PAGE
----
Within the NUTRISHIELD project, the first step towards mid-infrared (IR) based determination of the human milk fatty acid composition was performed. Compared to conventional methods, this approach enables significantly faster and less laborious analysis. This major success was enabled by combining the technical expertise of different partner institutions. Technische Universität Wien (TUW) contributed know-how in terms of method development of advanced process analytical tools, whereas the Health and Research Institute La Fe, Hospital La Fe (HULAFE) provided human milk samples and experience regarding their analysis.
Human milk contains various constituents that can be influenced by factors such as the stage of lactation, mothers’ diet, genetics and term/preterm delivery. The different components can either individually or in combination contribute to different health outcomes for the infant. In order to monitor these variations, reliable analytical methods are of high relevancy in clinical environments. In this context, fatty acids represent the human milk macronutrients with the highest variability. The most established analytical method for monitoring individual fatty acid concentrations is gas chromatography (GC), offering reliable results but coming with severe drawbacks such as the necessity of laborious sample preparation steps prior to analysis, application of organic solvents, high costs and significant time consumption.
Mid-IR spectroscopy detects absorption of IR radiation by fundamental vibrations of molecular bonds. In contrast to GC, it can operate in a label free and nondestructive matter. One of the major challenges in analyzing fatty acids in human milk with mid-IR spectroscopy are absorbances arising from its other major components such as water, lactose and proteins that can hide fatty acid related information. For this reason, the first step in developing a proper IR-based method was to find a way of isolating fat from the whole milk samples. For this purpose, an approach based on multiple centrifugation steps was devised that yields representative lipid fractions. Compared to conventional extraction methods, this approach excels with reduced workload, high throughput and completely avoids the use of potentially hazardous solvents. The obtained fat fractions were subsequently measured with attenuated total reflection Fourier transform mid-infrared spectroscopy within less than one minute per sample. Moreover, the fat fractions were analyzed with GC to obtain reference values for the fatty acid concentrations. By applying advanced statistical methods, the mid-infrared spectra were related to the reference concentrations. This way, calibration equations and statistical figures of merit were obtained that provide information about the validity of the calibration models and assess the predictability of the fatty acid concentrations in future samples. These models showed excellent results that indicate high potential for high-throughput human milk fatty acid profiling.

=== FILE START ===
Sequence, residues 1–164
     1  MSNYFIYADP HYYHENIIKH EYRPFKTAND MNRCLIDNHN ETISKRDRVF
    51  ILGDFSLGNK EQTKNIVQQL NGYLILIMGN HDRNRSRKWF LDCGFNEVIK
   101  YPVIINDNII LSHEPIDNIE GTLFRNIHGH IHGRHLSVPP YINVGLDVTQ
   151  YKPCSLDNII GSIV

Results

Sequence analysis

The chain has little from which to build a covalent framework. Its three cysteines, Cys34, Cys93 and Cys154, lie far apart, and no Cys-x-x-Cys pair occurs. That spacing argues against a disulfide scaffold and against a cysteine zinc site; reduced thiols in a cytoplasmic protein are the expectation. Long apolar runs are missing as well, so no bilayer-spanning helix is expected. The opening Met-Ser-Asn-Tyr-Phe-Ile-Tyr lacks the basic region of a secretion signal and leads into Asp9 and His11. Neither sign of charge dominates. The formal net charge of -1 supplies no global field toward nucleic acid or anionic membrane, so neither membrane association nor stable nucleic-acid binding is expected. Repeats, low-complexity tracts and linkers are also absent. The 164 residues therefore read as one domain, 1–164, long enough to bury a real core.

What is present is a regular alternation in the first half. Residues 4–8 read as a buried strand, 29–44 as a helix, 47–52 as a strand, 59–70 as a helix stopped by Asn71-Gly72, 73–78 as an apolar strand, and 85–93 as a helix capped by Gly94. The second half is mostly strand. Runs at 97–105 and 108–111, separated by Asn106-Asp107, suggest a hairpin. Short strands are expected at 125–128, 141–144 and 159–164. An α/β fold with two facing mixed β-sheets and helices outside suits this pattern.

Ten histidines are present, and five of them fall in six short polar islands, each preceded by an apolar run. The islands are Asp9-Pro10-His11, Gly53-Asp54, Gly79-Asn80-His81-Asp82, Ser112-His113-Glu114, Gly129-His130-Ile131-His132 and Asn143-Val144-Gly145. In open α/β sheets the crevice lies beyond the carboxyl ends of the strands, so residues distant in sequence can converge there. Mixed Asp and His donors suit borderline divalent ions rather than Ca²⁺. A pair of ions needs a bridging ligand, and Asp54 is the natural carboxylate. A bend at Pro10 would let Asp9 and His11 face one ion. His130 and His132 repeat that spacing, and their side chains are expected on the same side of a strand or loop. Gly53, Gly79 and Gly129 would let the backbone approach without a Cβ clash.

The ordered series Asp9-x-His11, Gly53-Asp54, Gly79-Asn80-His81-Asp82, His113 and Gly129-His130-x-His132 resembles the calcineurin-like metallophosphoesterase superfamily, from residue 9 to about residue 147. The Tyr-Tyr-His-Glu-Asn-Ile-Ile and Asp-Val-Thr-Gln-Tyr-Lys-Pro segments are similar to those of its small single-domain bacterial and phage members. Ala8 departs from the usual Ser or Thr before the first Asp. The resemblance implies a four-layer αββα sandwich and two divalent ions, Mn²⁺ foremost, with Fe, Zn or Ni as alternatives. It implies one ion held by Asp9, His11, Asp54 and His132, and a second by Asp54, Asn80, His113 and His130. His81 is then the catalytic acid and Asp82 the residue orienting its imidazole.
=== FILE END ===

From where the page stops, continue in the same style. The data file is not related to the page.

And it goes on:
In the future, NUTRISHIELD partner institutions will further investigate the potential of mid-infrared based fatty acid profiling of human milk fatty acids. By combining the knowledge of experts in different fields, the developed techniques could soon represent a serious challenger for established methods such as GC.